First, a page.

Many Medicare Advantage plans offer prescription drug coverage. But no modern Medicare Supplement plan (after 2006) provides drug coverage. Instead, you’ll need to combine your Medigap coverage with a Prescription Drug Plan.

Most Medicare Advantage plans are either HMOs or PPOs that use a network of doctors and facilities. Medicare Supplement insurance, though, retains all of the flexibility of Original Medicare. This means you can see any provider in the nation that takes Medicare patients. There are no plan networks, and you generally don’t need a referral to see specialists.

Advantages and Disadvantages of Medicare Supplement Plans?

Medicare Supplement plans are very useful for lowering your out-of-pocket Medicare costs, but they’re not for everyone. Here are some pros and cons.

Pros of Medicare Supplement Insurance

  • Maximum flexibility (no network or referral restrictions).
  • More comprehensive plan with less out-of-pocket expenses than Original Medicare or Medicare Advantage (depending on which Medigap policy you choose).
  • More likely to provide coverage while you’re travelling outside of the United States.

Cons of Medicare Supplement Insurance

More expensive than Original Medicare or Medicare Advantage (initial premiums are usually higher, and they rise over time). You must also get drug coverage in a separate Prescription Drug plan, which adds costs.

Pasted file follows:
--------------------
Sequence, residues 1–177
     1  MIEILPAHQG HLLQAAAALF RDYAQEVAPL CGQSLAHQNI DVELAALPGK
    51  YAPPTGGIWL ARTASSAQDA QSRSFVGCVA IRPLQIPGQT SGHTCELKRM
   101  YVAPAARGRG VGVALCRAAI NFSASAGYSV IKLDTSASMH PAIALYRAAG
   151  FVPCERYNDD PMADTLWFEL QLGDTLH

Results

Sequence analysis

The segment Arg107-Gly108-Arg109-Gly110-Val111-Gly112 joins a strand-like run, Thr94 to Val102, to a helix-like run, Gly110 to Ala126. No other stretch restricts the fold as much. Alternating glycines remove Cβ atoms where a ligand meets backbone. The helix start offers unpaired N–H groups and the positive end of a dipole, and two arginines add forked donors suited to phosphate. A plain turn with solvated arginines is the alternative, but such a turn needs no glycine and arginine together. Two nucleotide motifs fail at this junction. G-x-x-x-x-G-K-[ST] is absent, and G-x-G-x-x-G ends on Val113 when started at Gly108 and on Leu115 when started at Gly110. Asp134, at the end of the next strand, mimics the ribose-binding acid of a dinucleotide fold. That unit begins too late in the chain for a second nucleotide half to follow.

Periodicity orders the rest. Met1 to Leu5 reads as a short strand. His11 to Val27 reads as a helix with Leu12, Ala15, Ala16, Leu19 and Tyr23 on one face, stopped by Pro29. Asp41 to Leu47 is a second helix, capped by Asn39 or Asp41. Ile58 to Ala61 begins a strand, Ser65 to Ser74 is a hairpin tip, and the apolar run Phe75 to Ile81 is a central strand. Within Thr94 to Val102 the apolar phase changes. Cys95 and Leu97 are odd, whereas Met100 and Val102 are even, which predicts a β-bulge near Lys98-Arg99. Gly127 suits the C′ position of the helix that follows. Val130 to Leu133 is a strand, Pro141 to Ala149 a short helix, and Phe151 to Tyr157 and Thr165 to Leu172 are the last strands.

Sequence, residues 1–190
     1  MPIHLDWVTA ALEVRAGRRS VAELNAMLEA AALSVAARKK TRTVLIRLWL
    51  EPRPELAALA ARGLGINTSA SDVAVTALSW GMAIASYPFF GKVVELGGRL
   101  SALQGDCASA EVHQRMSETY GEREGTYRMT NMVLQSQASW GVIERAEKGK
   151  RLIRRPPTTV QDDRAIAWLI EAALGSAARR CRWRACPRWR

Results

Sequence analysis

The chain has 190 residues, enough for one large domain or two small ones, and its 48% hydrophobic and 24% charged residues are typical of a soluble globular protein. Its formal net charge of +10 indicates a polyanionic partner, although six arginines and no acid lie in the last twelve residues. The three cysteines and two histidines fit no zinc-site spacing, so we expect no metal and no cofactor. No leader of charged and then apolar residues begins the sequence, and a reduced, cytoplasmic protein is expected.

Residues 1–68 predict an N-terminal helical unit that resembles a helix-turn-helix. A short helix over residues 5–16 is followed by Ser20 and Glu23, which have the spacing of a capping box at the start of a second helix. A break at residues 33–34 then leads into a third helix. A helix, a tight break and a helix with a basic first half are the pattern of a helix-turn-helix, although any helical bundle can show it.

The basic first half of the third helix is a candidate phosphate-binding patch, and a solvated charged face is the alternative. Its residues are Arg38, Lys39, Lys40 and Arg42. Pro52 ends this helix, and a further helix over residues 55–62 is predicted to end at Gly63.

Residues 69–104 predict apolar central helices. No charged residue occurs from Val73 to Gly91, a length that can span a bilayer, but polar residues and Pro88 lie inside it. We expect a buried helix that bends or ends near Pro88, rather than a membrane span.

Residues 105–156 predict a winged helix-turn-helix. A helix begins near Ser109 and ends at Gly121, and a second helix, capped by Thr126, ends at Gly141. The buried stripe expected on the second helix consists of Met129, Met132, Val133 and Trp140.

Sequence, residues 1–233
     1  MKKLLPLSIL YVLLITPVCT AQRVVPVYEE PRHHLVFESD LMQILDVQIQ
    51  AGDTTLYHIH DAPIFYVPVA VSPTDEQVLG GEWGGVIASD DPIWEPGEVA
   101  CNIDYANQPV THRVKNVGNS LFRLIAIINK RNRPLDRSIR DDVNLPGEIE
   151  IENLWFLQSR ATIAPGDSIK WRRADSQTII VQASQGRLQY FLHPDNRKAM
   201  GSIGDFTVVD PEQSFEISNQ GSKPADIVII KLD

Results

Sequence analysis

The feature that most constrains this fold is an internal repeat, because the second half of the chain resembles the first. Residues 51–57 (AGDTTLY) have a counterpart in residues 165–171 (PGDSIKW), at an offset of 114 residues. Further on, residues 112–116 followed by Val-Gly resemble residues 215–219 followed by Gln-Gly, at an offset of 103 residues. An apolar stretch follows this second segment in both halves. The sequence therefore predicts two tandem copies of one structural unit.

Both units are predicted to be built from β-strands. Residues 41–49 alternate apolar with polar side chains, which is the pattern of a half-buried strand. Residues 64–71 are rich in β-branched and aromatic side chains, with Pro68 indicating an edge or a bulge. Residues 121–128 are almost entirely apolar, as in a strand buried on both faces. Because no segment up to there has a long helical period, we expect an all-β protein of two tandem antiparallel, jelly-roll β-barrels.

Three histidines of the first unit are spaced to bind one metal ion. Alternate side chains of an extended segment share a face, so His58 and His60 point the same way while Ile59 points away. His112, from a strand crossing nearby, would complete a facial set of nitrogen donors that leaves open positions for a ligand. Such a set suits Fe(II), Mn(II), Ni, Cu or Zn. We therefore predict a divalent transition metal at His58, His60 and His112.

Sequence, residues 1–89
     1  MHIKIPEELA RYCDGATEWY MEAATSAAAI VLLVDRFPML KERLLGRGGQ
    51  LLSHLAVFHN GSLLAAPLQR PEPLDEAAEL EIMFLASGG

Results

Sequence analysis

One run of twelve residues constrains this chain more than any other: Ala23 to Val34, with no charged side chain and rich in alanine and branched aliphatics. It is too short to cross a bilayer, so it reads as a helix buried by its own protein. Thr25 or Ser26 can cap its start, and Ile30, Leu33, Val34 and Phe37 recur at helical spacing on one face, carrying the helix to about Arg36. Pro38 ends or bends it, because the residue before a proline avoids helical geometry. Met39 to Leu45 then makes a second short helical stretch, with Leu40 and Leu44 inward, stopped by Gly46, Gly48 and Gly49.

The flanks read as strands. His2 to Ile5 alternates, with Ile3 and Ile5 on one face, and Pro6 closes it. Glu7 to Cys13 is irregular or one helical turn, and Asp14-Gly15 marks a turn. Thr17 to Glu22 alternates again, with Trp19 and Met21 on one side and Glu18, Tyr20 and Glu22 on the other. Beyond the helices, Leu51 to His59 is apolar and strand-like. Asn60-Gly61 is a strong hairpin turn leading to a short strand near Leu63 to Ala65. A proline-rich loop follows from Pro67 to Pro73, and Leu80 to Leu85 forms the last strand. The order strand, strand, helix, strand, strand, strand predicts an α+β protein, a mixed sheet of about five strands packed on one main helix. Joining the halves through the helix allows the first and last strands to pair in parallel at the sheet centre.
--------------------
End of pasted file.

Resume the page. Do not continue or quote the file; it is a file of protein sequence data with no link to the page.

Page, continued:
Medicare Supplement Plan Comparison Chart

Click here to compare 2021 Medicare Supplement plans and get a complete breakdown of benefits, coinsurance costs, and deductible amounts.

Compare Medigap Plans

In this Medicare Supplement guide, we’ve reviewed the basics of coverage and given examples of how Medigap plans work. Overall, Medicare Supplement plans can be a great way to lower or eliminate your out-of-pocket healthcare costs under Original Medicare. And these plans are especially good for those who can comfortably afford the premiums, don’t want network or referral restrictions, or travel outside of the U.S. frequently.

If you’re looking for Medicare coverage that offers more flexibility, we can help you find the right Medicare Supplement Insurance plan to fit your lifestyle.

Call 800-620-4519 (TTY 711) to speak with one of our licensed insurance agents about your Medicare Supplement plan options.

What you should read next